Thailand sees improvement in air quality despite high PM2.5 levels

Picture courtesy of AFP

A sharp decline in air quality was observed across 33 provinces of Thailand this morning as dangerously high levels of ultrafine dust posed health risks. This, however, was an improvement from yesterday morning, when air pollution blanketed 47 provinces. The peak pollution level also saw a drop.

The Geo-Informatics and Space Technology Development Agency (GISTADA) revealed this morning that five provinces in the Central Plain were engulfed by red levels of particulate matter 2.5 micrometres and less in diameter (PM2.5), a decrease from 15 provinces yesterday morning.

These red-code levels, which are seriously harmful, ranged between 75.7 and 95.2 microgrammes per cubic metre of air in the past 24 hours, down from 78.6-134.8µg/m³ yesterday. This is considerably above the government’s safe threshold of 37.5µg/m³.

This morning, Samut Sakhon province recorded the highest PM2.5 level at 95.2µg/m³, closely followed by 86.3µg/m³ in Nakhon Pathom, 83.1µg/m³ in Rayong, 75.8µg/m³ in Bangkok and 75.7µg/m³ in Samut Prakan, reported Bangkok Post.

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In addition, 28 other provinces in the Central Plain were enveloped with orange levels of PM2.5 ranging from 37.7 to 71.9µg/m³. This indicates that the PM2.5 levels had started to affect health. These provinces were, in ascending order of PM2.5 levels, Nakhon Ratchasima, Phichit, Sa Kaeo, Nan, Kamphaeng Phet, Lop Buri, Lamphun, Uttaradit, Uthai Thani, Phetchabun, Ayutthaya, Phitsanulok, Nakhon Nayok, Saraburi, Tak, Prachin Buri, Chanthaburi, Sukhothai, Prachuap Khiri Khan, Samut Songkhram, Suphan Buri, Kanchanaburi, Chachoengsao, Phetchaburi, Pathum Thani, Ratchaburi, Chon Buri, and Nonthaburi.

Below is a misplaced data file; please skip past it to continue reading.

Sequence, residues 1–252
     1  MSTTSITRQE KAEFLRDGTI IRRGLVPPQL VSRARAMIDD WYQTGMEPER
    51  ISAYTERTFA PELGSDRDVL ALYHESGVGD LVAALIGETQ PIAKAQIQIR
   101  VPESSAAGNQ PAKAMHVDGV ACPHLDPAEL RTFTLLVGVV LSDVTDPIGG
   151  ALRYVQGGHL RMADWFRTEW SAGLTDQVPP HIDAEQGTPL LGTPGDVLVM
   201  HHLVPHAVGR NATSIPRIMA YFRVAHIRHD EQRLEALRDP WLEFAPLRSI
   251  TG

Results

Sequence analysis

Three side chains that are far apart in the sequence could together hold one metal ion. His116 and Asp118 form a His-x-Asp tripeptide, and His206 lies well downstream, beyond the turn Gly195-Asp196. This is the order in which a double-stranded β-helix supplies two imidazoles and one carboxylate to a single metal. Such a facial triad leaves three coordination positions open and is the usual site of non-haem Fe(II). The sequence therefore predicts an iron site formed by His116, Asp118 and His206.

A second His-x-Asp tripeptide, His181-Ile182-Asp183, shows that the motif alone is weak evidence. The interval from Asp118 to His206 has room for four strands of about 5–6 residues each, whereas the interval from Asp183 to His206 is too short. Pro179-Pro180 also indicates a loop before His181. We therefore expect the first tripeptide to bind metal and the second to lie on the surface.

On the other hand, 44 provinces reported safe levels, the majority of these being in the north, south and northeast. The lowest level of PM2.5, recorded at 9.0µg/m³, was in the northeastern province of Yasothon, succeeded by 9.7µg/m³ in Amnat Charoen, 12.3µg/m³ in Si Sa Ket and 13.2µg/m³ in Surin, all located in the northeast.

Discussing the cause of high PM2.5 levels in the Central Plain, Pansak Thiramongkol, Director for Air and Noise Quality Management at the Pollution Control Department, explained this morning that it was primarily due to the burning of harvest waste in paddy fields in preparation for the next crop.

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Mitch Connor

Mitch is a Bangkok resident, having relocated from Southern California, via Florida in 2022. He studied journalism before dropping out of college to teach English in South America. After returning to the US, he spent 4 years working for various online publishers before moving to Thailand.

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